The paranasal sinuses consist of 4 paired sinuses, including the maxillary sinuses, ethmoid sinuses, frontal sinuses, and sphenoid sinuses. Maxillary sinuses lie under the cheek; ethmoid sinuses lie between the eyes; frontal sinuses lie above the eyes in the center of the forehead; and sphenoid sinuses lie in the back of the nose and nasal cavity. Infected fluid in the sinuses is termed sinusitis. Chronic sinusitis is an infection that lasts 3 months, and recurrent sinusitis is a condition in which acute sinusitis continues to recur following medical treatment. [1, 2]
Initially, treat all sinusitis cases without suppurative complications with medical therapy. If maximum medical therapy is unsuccessful in a child with chronic or recurrent sinusitis, evaluation for underlying medical disorders (eg, immunodeficiency, allergic rhinitis, cystic fibrosis [CF], immotile cilia syndrome) is warranted. If chronic sinus infections continue following treatment for an associated condition, consider surgery. Surgery for chronic sinusitis in children, as in adults, has changed over the years. 
History of the Procedure
Surgical management of chronic sinusitis has 2 distinct eras in the past 50 years, before and after discovery of the true physiologic way that the sinuses clear secretions. In Europe in 1978, Messerklinger authored a book describing research demonstrating that the physiological flow of secretions in the sinuses was to their respective ostia or openings.  Cilia on the mucosal lining of the sinuses push secretions on top of a mucociliary blanket toward the natural opening, attempting to clear them into the nasal cavity and down the pharynx, eventually to be swallowed into the stomach. Based on this research, functional endoscopic sinus surgery (FESS), now commonly known only as endoscopic sinus surgery (ESS), was developed.
Prior to introduction of the physiological flow of the sinuses, surgery was aimed at removing ethmoid air cells, opening up the sphenoid widely, opening up the maxillary sinus via a Caldwell Luc or inferior meatal window, and possibly removing the middle turbinate. This was performed with a headlight and big forceps. With the innovation of the Hopkins rod telescopes and xenon light sources in the late 1960s and early 1970s, visualization in the nasal cavity was much improved. Surgeons became more interested in the intricate anatomy of the sinuses and lateral nasal wall. New techniques were developed to make the surgery safer and more successful. A new area of study was established.
Endoscopic sinus surgery (ESS) has been practiced for more than 2 decades. It began in Europe with techniques described by Messerklinger and Wigand. The Messerklinger technique involves initially opening up the anterior area where the sinuses drain, the ostiomeatal complex (OMC), which appears to be the bottleneck for disease. If this area can be opened, the sinuses may be able to ventilate and drain, keeping them clear of disease.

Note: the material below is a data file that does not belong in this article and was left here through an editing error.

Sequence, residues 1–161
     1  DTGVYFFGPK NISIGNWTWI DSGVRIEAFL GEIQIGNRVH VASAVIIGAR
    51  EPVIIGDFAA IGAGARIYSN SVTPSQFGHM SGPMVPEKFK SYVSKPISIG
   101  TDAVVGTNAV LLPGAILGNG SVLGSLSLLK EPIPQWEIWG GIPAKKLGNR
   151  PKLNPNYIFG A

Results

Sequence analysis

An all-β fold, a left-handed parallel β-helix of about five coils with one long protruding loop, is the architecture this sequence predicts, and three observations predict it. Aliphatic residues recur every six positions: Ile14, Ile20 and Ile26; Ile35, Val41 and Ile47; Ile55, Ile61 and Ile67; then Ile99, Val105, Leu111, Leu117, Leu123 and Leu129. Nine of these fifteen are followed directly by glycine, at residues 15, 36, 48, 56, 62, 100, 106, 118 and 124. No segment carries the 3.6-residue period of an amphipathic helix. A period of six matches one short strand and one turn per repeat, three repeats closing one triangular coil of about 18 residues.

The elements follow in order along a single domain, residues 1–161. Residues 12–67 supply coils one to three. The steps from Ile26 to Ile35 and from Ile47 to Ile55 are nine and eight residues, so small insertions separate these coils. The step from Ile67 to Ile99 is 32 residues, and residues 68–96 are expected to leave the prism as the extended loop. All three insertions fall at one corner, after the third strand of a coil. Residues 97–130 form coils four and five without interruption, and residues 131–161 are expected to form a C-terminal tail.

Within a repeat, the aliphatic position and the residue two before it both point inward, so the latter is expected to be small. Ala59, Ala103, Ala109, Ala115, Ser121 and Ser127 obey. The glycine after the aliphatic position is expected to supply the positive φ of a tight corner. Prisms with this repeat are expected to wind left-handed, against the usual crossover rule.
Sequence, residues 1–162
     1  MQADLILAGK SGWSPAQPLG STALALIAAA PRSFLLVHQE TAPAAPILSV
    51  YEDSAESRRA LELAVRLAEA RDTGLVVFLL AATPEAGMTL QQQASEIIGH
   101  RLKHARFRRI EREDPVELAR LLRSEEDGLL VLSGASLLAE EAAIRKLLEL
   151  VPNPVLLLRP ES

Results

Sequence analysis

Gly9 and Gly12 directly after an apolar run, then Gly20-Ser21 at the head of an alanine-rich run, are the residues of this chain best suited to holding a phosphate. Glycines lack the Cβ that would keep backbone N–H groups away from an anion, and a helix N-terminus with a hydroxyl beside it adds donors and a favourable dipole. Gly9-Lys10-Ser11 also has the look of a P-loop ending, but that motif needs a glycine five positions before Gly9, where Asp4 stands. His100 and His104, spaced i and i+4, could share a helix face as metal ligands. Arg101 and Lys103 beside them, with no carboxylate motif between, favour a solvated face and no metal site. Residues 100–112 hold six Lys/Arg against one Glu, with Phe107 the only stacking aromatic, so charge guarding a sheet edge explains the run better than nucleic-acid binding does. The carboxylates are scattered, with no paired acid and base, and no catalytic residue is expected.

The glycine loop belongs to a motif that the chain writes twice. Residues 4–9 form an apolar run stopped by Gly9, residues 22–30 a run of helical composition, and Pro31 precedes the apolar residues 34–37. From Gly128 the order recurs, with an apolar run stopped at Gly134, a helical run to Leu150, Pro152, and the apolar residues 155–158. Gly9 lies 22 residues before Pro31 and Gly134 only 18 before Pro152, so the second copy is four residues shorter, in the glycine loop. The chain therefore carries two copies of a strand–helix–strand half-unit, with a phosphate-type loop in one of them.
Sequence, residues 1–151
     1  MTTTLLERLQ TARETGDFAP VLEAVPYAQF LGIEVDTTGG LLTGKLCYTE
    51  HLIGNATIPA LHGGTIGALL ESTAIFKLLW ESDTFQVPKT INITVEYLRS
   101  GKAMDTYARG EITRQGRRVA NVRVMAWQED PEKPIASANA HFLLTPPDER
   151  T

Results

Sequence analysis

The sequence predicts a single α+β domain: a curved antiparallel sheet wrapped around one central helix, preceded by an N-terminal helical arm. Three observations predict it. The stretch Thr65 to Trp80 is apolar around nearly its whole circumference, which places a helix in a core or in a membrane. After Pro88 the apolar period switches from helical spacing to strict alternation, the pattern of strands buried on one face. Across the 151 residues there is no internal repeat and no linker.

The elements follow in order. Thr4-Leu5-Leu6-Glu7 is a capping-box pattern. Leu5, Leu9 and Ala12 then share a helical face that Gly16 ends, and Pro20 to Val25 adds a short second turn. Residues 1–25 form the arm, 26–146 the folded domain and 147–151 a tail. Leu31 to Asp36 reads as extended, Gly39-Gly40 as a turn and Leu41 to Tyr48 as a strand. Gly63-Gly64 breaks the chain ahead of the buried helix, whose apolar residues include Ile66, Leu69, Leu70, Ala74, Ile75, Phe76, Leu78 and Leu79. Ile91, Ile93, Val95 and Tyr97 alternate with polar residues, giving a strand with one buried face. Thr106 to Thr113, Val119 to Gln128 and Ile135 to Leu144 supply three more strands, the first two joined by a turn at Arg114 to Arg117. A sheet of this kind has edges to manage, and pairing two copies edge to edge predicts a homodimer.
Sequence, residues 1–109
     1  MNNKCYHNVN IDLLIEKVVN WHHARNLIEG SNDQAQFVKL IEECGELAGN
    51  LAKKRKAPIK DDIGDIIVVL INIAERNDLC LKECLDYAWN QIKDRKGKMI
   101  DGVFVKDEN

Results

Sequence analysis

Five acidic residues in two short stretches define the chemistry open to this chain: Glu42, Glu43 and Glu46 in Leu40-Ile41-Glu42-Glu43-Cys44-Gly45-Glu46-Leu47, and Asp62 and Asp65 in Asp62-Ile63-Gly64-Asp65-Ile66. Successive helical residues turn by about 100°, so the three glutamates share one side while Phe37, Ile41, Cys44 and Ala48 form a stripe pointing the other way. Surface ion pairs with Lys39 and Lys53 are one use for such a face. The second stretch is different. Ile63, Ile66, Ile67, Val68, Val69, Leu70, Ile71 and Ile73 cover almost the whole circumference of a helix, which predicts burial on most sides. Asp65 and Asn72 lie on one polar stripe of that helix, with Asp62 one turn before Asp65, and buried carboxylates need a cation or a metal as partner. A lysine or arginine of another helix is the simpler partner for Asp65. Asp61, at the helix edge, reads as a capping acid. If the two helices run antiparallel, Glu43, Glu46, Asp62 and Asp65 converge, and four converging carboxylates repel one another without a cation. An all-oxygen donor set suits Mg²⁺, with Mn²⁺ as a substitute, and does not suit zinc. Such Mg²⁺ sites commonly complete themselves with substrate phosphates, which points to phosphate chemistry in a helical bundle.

A second area of drainage is into the sphenoethmoid recess where the posterior ethmoids and sphenoid drain. Surgery is aimed at clearing out the ethmoid cells and opening up the sphenoid ostia. In a 1981 report, Wigand described increased access to this area by removing the posterior portion of the middle turbinate, thereby allowing for increased exposure during surgery and decreased obstruction after surgery. 
Several surgeons began to popularize Messerklinger's technique; the most noticeable was his pupil, Heinz Stammberger. Stammberger promoted the Messerklinger technique in Europe and then in America with Kennedy in 1985 and 1986. [6, 7, 8, 9, 10] Several pediatric otolaryngologists, including Lusk, Lazar, and Gross began performing ESS in children in 1986. Since that time, numerous articles and books have discussed the general technique of ESS, as well as specific techniques for specific sinuses and their ostia. A wider range of instrumentation for endoscopic sinus surgery (ESS) has been introduced with various opinions and results.
Overall, sinus surgery for chronic sinusitis has been proven to be effective in appropriately selected patients when the main goal of any particular technique is to open and aerate the sinuses where they naturally drain. Endoscopic sinus surgical techniques have been used successfully for other diseases of the nasal cavity and sinuses, including nasal polyposis, nasal tumors, and suppurative complications of sinusitis.
Sinusitis is defined as an infection of one or more of the paranasal sinuses. It implies the stasis of secretions in the affected sinus, usually caused by a bacterial infection. Sinusitis occurs when the outflow tract of the sinus is blocked, fluid becomes trapped, and fluid becomes infected with bacteria.